Plagiarism and Google’s Changing SEO Landscape

Posted by Janett Perry on Jul 13, 2010 2:31:00 PM

google resized 600The Financial Times recently wrote an interesting article that examines the creation of tailor-made content based on the traits of Google’s search algorithm. While this practice has existed for some time with Search Engine Optimization (SEO), the process seems to be evolving as more big businesses realize the importance of appearing on Google.

Traditional search engine optimization has the goal of taking existing web content and giving it better online ‘real estate,’ where more people can view it.  This is achieved by providing good ‘directions’ for Google’s web crawler, including the use of title tags and target keywords.

A website can also gain better placement by providing relevant, quality content on a regular basis.  This content lets Google’s algorithm know that this website is important in regards to a specific search term. 

Recently, several companies have latched onto this notion by creating a large quantity of content based on recent Google trending topics, as well as filing ‘holes’ in topics that don’t yet have readily accessible content.

For example, a company might have an article written on ‘how to flay a fish,’ because there are not many SEO friendly websites that already have published a similar article.  Using a number of resources, including web portals with high page rank and relevant keywords, the company can then expedite this article to the top of the search results for users querying ‘how to flay a fish.’

From the Financial Times:

“Demand Media is part of a wave of online media companies that have risen to prominence with low-cost, high-volume content. Yahoo, through its recent purchase of Associated Content, and AOL, which has also invested in the large-scale production of low-cost content, are among the household names to try their hand.”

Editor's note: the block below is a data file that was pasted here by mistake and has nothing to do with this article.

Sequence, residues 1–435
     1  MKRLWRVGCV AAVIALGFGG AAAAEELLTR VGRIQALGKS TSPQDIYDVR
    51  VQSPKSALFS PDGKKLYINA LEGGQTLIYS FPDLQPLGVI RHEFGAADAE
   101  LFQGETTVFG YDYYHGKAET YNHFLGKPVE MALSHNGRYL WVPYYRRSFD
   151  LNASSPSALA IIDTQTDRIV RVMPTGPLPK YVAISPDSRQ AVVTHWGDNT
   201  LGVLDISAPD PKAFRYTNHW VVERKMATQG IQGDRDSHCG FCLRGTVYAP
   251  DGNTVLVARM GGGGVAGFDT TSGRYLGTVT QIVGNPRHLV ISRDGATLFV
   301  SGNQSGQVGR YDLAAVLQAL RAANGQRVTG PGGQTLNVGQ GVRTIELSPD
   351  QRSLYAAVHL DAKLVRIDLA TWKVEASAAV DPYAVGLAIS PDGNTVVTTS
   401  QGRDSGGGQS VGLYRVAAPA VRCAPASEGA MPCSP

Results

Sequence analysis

Although this process is great for predicting what users are searching for and creating a wealth of online content specifically tailored to them, the content is also at a high risk for plagiarism. 

Companies like Demand Media outsource thousands of writers to take on the task of building their content database.  With such a large output, there is always the risk of a writer plagiarizing content without properly attributing sources.  

Although Demand Media utilizes editors to review the content before it is published to an online portal, they have also found that using plagiarism detection software is of great value to their service.

iThenticate is Demand Media’s plagiarism detection solution, allowing the company to produce a large quantity of online content while also being reassured that their articles are original.  Using iThenticate, a Demand Media editor can cross check any submitted article against a massive database of existing on and offline content and detect instances of duplicate content.

As search engine marketing and optimization continues to grow more integral for companies, plagiarism will continue to become more of an issue.  Only with an adaptive and cutting-edge technology like iThenticate can a company keep up with this burgeoning search engine marketplace while maintaining content integrity.

Citations:

Waters, Richard “‘Groups magnify chance of Google Hits.” The Financial Times Ltd. 12 July 2010. http://www.ft.com/cms/s/0/ec7cb18c-8dda-11df-9153-00144feab49a.html

Topics: Social Media, Technology




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